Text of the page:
Twitter’s API Rules Force Windows 8 Client Tweetro To Shutter Free App & Go Paid


tweetro-app-logo-iconTweetro, a popular free Twitter client for Windows 8, is shutting down its free version and will work on a paid version — the latest episode of Twitter’s recent API changes impacting its developer community.

Tweetro recently ran up against Twitter’s 100,000 user token limit and temporarily pulled its app from the Windows Store pending further clarification from Twitter.

As reports today, Twitter’s clarification came with bad news from Lazyworm, the makers of Tweetro:

“Thank you for reaching out to get clarification on our developer policies. As you know, we discourage developers from building apps that replicate our core user experience (aka “Twitter clients”). We know that there are developers that want to take their passion for Twitter and its ecosystem to unique underserved situations. As such, we have built some flexibility into our policy with regard to user tokens — which went into effect September 5th, 2012.”

“…Unfortunately, It does not appear that your service addresses an area that our current or future products do not already serve. As such, it does not qualify for an exemption.”

That last bit is important because Twitter doesn’t currently offer an official client for Windows 8, but Twitter is saying its future products will serve those users. Ergo, Tweetro is pretty much out of luck.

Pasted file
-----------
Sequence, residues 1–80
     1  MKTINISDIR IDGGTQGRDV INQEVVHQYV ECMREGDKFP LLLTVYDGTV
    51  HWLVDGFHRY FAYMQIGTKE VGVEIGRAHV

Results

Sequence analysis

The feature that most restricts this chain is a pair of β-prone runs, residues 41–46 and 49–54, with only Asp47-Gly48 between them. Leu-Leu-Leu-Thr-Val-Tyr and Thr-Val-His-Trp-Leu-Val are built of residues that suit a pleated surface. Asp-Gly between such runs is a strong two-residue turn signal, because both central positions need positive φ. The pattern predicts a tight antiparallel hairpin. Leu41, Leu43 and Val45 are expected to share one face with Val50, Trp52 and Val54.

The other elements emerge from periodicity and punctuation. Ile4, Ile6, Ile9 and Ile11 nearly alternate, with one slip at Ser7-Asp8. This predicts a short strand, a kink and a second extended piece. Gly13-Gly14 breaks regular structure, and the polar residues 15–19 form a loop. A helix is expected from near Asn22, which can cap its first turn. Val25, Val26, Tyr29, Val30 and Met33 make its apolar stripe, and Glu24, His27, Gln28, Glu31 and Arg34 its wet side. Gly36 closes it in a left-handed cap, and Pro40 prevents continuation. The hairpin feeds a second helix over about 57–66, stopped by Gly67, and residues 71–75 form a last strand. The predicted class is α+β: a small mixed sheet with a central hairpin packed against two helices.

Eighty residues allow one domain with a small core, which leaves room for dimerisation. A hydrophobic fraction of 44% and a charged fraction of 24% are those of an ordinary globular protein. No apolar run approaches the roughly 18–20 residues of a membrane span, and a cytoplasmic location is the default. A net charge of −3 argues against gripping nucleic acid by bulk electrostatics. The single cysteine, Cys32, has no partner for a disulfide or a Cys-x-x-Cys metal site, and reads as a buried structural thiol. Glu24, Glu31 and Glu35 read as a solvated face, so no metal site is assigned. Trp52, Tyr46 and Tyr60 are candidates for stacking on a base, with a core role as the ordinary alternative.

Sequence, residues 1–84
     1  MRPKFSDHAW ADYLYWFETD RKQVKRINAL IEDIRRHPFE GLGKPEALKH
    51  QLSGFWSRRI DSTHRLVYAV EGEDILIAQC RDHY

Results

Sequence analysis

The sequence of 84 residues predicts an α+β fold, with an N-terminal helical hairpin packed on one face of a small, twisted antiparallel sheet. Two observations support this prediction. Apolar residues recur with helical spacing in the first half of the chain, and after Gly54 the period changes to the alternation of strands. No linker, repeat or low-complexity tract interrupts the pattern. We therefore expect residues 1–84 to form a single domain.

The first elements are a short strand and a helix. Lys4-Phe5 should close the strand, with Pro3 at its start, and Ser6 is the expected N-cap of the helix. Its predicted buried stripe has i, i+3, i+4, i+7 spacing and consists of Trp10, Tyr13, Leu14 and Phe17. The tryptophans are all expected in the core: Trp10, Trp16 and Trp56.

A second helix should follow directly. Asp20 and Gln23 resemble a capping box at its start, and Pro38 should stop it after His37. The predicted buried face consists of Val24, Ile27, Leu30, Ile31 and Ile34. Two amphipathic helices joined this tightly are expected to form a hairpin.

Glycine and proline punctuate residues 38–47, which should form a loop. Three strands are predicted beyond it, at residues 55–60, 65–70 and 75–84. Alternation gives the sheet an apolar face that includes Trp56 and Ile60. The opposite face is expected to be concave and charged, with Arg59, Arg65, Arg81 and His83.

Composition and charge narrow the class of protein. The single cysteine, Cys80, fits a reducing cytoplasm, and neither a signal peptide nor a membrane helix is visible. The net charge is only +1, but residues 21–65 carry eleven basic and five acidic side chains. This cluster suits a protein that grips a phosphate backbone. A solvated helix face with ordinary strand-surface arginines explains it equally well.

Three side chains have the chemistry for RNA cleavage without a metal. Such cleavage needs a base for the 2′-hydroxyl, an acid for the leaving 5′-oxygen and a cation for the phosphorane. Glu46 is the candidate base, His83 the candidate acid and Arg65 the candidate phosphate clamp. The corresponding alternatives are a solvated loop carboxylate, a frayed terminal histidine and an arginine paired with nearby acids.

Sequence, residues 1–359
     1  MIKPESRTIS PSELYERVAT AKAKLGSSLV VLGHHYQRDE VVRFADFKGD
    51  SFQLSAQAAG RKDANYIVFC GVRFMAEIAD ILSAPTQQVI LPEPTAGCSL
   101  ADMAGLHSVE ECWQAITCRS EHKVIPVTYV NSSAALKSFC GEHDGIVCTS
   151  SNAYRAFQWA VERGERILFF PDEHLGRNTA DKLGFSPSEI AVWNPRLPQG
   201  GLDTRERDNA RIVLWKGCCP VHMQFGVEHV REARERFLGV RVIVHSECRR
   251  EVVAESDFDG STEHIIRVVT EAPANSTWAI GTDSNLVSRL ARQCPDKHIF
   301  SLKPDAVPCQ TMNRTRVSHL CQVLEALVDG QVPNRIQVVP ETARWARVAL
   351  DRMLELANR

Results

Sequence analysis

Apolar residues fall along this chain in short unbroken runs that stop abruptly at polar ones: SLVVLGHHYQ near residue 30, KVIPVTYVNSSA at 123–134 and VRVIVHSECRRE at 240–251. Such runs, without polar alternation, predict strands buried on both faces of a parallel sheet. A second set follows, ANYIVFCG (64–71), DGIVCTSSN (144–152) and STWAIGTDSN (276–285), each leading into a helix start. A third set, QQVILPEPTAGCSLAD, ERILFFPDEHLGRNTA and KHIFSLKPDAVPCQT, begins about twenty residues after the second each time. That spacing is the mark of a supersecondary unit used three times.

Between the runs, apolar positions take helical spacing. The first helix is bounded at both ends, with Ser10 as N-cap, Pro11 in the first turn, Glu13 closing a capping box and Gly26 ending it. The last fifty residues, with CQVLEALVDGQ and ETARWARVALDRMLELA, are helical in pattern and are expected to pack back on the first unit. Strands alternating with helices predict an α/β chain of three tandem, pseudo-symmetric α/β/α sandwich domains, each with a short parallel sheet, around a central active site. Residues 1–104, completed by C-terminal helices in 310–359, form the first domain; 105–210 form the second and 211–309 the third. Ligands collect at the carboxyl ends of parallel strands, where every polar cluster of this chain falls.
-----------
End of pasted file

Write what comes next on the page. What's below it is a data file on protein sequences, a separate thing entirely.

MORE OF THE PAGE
In response, Lazyworm co-founder Atta Elayyan says that the free Tweetro app is dead and the company will develop an “exclusive” paid version.

It’s a similar situation to what Tapbots recently encountered with its popular Tweetbot app for desktop Mac users. Due to Twitter’s user limits, Tapbots had to charge $20 to basically limit adoption.

And I suspect we’ll see more developers forced to do the same thing in the future if they ignore the obvious writing on the wall: Twitter isn’t real big on the idea of third-party Twitter clients.

About The Author

Matt McGee joined Third Door Media as a writer/reporter/editor in September 2008. He served as Editor-In-Chief from January 2013 until his departure in July 2017. He can be found on Twitter at @MattMcGee.



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